Through my work as Alumni Director, I have the opportunity to speak with alumni spanning the life of McQuaid Jesuit. We work hand in hand planning reunions, gather across the country for JUG Nights, hit the links together, ring in the holiday season at Bull Roast, and so much more. I always enjoy learning more about the culture and traditions of McQuaid from each era. Alumni tend to note the differences they see these days, but also point out all the similarities and traditions that continue to live on. Though every class has had a different experience and comes with different stories to share, there is one thing I can always be sure of. Every alumnus believes his class was the best.

Well… there can’t be more than one best, so who is it?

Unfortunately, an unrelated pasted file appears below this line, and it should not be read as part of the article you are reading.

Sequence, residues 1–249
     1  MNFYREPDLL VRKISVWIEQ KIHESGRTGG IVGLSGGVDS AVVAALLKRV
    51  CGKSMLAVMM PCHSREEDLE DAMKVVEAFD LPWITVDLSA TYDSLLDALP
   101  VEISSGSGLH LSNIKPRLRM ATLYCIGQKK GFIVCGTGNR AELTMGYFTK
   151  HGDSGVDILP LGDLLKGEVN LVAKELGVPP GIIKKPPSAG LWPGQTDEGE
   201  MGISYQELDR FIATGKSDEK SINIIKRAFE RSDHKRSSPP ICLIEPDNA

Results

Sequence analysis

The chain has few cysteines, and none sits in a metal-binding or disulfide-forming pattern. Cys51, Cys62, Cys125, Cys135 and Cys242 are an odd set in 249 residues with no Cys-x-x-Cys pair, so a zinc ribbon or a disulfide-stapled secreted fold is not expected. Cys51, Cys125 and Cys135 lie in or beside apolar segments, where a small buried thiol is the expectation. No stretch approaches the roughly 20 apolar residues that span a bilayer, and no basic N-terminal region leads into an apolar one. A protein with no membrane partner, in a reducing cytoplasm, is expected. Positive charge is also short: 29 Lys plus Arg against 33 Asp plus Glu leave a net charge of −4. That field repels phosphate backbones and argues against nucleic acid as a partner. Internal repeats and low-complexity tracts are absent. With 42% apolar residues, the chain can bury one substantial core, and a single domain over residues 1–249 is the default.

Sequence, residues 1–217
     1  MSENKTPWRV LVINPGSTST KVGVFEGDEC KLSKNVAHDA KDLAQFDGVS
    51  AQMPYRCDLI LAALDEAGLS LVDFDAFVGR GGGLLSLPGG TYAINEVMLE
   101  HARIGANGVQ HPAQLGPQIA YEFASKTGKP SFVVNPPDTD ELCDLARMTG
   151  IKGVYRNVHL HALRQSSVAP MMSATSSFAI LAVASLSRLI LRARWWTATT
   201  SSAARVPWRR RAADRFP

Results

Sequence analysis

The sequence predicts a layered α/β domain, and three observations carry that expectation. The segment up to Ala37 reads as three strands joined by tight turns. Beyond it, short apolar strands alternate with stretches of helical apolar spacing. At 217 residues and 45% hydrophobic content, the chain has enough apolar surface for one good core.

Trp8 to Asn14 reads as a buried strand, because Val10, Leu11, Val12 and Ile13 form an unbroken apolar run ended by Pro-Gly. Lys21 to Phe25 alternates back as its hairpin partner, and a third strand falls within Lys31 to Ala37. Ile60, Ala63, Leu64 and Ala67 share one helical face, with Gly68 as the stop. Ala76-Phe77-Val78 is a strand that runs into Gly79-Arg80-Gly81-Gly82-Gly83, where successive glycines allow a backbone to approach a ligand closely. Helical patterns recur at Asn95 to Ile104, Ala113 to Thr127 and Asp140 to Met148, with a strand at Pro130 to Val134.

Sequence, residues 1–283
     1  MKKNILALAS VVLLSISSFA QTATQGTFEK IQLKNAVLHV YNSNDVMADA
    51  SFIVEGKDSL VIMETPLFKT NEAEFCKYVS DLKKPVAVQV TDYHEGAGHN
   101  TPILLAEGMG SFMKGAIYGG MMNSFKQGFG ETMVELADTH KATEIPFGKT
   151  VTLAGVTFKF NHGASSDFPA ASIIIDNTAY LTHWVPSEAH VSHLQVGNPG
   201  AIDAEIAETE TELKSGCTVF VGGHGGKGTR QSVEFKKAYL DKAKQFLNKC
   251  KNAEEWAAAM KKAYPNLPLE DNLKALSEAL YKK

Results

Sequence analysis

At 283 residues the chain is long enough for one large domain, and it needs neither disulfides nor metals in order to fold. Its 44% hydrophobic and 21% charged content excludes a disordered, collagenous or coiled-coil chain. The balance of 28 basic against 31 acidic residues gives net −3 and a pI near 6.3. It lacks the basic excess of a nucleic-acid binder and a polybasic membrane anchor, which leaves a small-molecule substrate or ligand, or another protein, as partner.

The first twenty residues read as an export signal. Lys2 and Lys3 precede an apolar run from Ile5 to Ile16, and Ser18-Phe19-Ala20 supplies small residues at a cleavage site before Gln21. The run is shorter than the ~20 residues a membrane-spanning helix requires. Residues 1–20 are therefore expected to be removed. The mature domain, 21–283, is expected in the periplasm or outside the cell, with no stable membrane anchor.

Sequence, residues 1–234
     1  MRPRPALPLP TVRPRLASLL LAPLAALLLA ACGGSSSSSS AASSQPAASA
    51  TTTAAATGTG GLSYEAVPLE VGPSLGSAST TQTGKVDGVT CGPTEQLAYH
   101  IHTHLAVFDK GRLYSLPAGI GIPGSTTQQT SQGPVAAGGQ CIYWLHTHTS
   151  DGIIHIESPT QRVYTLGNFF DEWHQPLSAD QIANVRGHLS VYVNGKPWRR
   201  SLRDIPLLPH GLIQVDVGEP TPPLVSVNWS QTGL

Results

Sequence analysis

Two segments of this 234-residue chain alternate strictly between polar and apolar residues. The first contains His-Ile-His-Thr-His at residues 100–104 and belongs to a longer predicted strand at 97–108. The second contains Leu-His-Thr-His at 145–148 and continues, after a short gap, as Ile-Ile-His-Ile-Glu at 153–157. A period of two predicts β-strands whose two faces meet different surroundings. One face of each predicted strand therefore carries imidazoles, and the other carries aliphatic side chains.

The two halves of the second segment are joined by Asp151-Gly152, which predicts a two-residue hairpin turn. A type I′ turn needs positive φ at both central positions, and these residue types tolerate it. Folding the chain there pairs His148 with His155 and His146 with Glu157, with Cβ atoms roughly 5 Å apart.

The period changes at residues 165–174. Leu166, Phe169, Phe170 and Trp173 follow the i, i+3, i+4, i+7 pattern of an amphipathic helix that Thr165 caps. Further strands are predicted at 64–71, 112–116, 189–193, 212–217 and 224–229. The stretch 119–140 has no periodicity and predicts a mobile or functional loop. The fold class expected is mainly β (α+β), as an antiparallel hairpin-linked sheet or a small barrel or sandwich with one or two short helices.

Thinking back on what has been shared with me, I recall that oftentimes classes will speak of memories of their time spent with friends in the senior lounge, which has been revitalized in 2023 after being non-existent for many years. Many discuss their favorite – or at least most feared/respected – teachers that impacted them and so many around them. For others it is the championship season their class was a part of or a play that filled the auditorium! Not every year of graduates had the opportunity to participate in a retreat, but those that did may consider that to be the deciding factor.

In my reflection, I began to think that there was no common factor. Different teams, new teachers, changing facilities, and unique retreats all serve to create experiences that simply cannot be compared apples to apples.